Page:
What an amazing lifeforce that was in him! When that sort of power leaves this world, I imagine that it leaves a pretty big tear in the veil - the thin place - between this world and the next. The one redeeming quality about that, near as I can figure, is that it allows some of the souls in the next life to reenter this world.I suspect it is a death of sorts to feel that one's imagination has "quit". I know the quality of my life would be seriously compromised not to be able to imagine something more, something beyond, something greater than what is here and now and who I am in this time and place.
In my imagination, those worlds work like this:
We know from medical research that a fetus, floating around in the placental waters of its mothers womb at about 25-28 weeks, can hear muted voices and sounds and detect changes in the light and temperature outside the womb. It can not connect the voices to people - or yet understand the concept of another person much less its own personhood - or connect sounds to things or comprehend what IS much less what is changing.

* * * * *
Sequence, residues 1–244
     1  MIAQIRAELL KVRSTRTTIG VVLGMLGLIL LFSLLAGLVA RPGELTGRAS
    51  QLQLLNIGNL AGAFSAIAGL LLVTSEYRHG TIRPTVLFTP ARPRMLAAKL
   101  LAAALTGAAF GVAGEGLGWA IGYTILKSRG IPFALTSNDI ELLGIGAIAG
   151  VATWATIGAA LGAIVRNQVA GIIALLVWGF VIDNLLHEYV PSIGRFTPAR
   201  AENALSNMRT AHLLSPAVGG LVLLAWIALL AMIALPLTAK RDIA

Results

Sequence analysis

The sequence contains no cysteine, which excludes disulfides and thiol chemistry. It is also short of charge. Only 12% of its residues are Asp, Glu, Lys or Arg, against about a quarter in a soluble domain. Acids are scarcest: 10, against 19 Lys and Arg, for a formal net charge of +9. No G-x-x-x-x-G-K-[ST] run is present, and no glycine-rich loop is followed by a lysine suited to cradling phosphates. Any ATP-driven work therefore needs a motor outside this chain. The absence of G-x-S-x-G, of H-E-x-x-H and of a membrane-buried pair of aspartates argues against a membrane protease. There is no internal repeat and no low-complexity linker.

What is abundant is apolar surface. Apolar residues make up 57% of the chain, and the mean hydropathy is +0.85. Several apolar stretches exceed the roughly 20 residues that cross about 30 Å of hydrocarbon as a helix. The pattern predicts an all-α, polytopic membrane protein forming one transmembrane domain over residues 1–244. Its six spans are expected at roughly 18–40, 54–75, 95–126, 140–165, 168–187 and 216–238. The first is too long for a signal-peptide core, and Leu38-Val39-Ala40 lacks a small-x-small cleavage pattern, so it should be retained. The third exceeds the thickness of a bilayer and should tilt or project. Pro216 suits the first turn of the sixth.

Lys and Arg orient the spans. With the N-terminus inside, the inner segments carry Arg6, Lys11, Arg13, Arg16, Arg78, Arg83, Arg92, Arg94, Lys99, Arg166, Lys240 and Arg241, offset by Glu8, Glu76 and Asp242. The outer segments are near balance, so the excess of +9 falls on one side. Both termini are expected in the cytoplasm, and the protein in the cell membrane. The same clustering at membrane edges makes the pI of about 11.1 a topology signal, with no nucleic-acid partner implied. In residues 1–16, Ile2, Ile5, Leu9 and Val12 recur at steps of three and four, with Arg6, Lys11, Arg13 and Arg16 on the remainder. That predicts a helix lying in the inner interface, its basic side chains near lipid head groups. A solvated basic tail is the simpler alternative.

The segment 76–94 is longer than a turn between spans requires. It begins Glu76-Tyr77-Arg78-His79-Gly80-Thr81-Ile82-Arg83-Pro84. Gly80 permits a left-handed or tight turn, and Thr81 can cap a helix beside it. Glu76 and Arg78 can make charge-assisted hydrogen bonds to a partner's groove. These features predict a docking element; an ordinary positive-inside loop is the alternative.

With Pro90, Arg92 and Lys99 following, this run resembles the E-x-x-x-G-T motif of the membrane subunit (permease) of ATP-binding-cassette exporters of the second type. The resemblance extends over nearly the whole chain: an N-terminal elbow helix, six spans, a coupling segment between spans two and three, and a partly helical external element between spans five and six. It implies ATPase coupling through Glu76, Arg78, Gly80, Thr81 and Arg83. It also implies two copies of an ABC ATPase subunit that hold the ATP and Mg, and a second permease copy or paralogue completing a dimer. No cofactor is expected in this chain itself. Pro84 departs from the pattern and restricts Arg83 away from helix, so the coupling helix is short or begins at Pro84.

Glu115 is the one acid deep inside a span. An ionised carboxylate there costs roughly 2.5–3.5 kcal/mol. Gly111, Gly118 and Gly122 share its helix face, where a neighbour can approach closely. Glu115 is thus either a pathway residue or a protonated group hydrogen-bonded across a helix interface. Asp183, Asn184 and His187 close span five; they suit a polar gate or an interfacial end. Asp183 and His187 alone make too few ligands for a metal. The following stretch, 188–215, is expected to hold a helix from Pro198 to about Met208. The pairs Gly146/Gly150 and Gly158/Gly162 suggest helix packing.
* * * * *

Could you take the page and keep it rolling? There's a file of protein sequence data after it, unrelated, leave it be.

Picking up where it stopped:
As soon as it is born, however, the newborn turns to the voice of its mother because the baby recognizes the sound of her voice which she has vaguely heard through layers of tissue and water. Reality suddenly rushes in and that which was a mystery is now something to be entered into and be held by and loved deeply.
In my imagination, that's what happens at death.
At the moment of death, we are "born into new life" and that which was vague is now clear and lightness and darkness will be the same and we will recognize and understand and comprehend and live into all that has been Mystery and become more deeply an interconnected part of Mystery and love more fully, more mysteriously, in return.